- Reflective leaders demonstrate the ability to integrate these tenets in context, to learn from practice, to assess strengths and weaknesses, and to plan for personal learning.
Thirty-six graduate credits are required to complete the program.
Courses include a fieldwork component (most of which participants may complete in their own schools), providing hands-on opportunities to shadow administrators, analyze organizational dynamics, and evaluate programs.
Practicum or Internship
A 500-hour, two-year-long practicum or internship in educational administration is required for aspiring principals/assistant principals and special education directors. Students normally begin their practicum in the first semester and continue adding hours over the next two years (although this schedule may vary with different districts).
As their capstone experience, all students must pass a comprehensive portfolio examination synthesizing a significant portion of their course work. The portfolio offers students an opportunity to collect and reflect systematically upon the various components of their own learning, drawing on readings, coursework, and pre-practicum and practicum experiences.
Applicants Seeking Licensure
Applicants seeking licensure as principal, assistant principal, or administrator of special education must pass the communication and literacy portion of the Massachusetts Test for Educator Licensure to be recommended for licensure. For complete information on this requirement, see the Massachusetts DESE website on Educator Services.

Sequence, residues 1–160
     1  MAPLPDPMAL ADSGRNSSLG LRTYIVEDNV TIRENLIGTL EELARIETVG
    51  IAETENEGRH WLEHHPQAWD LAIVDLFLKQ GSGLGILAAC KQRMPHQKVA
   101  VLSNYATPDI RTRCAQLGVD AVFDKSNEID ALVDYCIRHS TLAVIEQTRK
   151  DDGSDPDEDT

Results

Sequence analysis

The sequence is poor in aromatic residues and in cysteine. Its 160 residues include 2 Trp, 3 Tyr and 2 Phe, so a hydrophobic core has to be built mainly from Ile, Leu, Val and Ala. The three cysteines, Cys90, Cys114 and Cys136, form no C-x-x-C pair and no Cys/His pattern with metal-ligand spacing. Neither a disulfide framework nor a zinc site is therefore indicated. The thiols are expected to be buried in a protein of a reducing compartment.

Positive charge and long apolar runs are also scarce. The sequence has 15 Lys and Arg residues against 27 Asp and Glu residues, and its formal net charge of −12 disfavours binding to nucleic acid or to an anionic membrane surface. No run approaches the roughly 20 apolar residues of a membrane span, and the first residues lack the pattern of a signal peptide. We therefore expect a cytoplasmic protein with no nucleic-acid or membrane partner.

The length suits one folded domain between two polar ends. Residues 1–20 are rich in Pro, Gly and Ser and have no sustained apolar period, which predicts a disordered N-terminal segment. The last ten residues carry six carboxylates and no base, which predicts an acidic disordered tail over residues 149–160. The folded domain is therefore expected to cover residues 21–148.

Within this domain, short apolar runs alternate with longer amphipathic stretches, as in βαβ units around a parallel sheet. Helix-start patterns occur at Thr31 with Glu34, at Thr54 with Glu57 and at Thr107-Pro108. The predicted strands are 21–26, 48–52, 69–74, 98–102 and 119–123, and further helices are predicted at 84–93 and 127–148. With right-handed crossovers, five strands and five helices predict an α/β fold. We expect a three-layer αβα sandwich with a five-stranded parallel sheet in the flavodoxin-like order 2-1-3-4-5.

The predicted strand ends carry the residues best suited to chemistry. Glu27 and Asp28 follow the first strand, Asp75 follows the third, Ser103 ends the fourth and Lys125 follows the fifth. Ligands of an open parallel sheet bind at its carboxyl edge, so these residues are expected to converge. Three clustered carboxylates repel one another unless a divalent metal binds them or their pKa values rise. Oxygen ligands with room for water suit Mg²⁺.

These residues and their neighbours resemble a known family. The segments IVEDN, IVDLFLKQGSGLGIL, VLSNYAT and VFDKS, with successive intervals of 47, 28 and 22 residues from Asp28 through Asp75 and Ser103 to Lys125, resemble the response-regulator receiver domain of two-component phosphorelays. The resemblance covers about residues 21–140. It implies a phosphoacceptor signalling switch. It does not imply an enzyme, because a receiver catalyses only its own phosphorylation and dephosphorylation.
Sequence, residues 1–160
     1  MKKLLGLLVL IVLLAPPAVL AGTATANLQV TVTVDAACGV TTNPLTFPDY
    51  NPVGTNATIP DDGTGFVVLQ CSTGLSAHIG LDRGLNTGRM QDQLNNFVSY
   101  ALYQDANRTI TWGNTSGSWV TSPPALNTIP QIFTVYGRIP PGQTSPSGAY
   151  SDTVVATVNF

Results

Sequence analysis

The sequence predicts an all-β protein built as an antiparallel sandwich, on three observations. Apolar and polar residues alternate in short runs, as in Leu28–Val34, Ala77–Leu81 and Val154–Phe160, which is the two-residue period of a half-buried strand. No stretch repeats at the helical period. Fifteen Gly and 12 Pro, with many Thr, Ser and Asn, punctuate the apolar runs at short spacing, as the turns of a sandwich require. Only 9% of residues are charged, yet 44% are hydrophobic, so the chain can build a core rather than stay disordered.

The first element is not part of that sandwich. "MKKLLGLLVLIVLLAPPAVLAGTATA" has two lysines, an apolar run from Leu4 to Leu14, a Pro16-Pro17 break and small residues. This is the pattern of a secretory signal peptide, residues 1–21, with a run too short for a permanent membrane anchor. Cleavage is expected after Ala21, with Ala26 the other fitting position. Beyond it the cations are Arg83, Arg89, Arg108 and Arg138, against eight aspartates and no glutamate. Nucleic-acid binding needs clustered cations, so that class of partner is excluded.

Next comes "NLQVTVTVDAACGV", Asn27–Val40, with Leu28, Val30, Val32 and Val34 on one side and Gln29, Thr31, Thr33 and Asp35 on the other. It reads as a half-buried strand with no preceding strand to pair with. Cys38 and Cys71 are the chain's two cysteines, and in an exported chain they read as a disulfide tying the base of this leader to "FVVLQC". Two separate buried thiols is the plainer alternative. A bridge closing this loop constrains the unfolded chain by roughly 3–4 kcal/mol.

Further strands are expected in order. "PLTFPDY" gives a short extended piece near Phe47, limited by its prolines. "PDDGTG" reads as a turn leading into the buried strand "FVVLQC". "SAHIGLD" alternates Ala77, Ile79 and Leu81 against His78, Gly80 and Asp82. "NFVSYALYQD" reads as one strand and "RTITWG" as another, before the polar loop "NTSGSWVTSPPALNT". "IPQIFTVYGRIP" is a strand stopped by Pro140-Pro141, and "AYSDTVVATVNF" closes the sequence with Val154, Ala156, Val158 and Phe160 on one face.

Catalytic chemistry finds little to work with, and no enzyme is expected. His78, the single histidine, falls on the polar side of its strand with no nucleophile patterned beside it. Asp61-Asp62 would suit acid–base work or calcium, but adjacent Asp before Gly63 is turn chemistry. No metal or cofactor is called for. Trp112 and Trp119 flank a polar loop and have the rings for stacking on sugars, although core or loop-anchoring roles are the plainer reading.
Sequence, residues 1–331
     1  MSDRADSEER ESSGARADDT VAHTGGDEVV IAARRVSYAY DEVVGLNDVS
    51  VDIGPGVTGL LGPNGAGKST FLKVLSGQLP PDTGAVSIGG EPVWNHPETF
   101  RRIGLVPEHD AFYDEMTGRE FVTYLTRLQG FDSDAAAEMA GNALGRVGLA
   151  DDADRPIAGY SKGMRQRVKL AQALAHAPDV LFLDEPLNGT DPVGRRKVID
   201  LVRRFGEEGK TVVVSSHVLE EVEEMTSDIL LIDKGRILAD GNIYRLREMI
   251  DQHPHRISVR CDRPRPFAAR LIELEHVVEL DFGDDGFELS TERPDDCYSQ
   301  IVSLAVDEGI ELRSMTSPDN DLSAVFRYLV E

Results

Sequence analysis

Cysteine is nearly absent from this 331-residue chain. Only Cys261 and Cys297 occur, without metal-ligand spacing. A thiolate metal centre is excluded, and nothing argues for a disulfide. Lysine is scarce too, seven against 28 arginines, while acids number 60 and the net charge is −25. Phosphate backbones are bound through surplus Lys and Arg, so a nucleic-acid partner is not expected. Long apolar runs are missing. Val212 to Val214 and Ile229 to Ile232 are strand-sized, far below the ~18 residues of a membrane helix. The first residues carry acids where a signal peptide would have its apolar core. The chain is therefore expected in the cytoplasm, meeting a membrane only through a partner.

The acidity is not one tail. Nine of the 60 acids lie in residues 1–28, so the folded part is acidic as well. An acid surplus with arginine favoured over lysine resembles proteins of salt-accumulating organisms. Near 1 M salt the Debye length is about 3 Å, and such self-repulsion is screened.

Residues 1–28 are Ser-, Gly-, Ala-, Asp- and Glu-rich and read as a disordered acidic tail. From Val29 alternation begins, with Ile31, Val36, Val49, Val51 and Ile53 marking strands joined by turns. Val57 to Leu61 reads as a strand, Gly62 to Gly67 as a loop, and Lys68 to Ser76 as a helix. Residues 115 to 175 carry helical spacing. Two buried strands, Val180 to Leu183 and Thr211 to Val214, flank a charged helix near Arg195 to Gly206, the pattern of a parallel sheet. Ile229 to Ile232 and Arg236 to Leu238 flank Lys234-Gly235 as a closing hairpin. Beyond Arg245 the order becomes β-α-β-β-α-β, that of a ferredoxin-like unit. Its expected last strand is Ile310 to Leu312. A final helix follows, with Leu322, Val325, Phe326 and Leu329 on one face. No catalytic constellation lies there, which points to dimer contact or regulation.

Applicants seeking licensure as principal/assistant principal must also pass the Massachusetts Performance Assessment for Leaders (PAL). We will assist you with the assessment tasks as part of your regular coursework.
The CAGS Program in Educational Administration will recommend admission for those applicants who present evidence of their ability to do graduate work with distinction. Such evidence will normally include:
- Master’s degree in a field relevant to education, such as teaching or counseling and school psychology.
- A cumulative graduate grade point average of at least 2.75, as evidenced by an official transcript.
- Three letters of recommendation from people familiar with the applicant’s leadership ability and/or potential; one letter should be written by the person who will supervise the practicum for the next two years.
- Documentation of two or more years of full-time employment in an executive management/leadership role or in a supervisory, teaching, or administrative role in a public school, private school, or higher education.
- For those seeking state administrator licensure: documentation of state licensure or successful completion of the MA Test for Teacher Licensure (MTEL).
- Optional submission of scores on the Graduate Record Examination (GRE) or the Miller Analogies Test (MAT).
- An interview with the graduate program director and admissions committee (for applicants who reach the final stages of the selection process).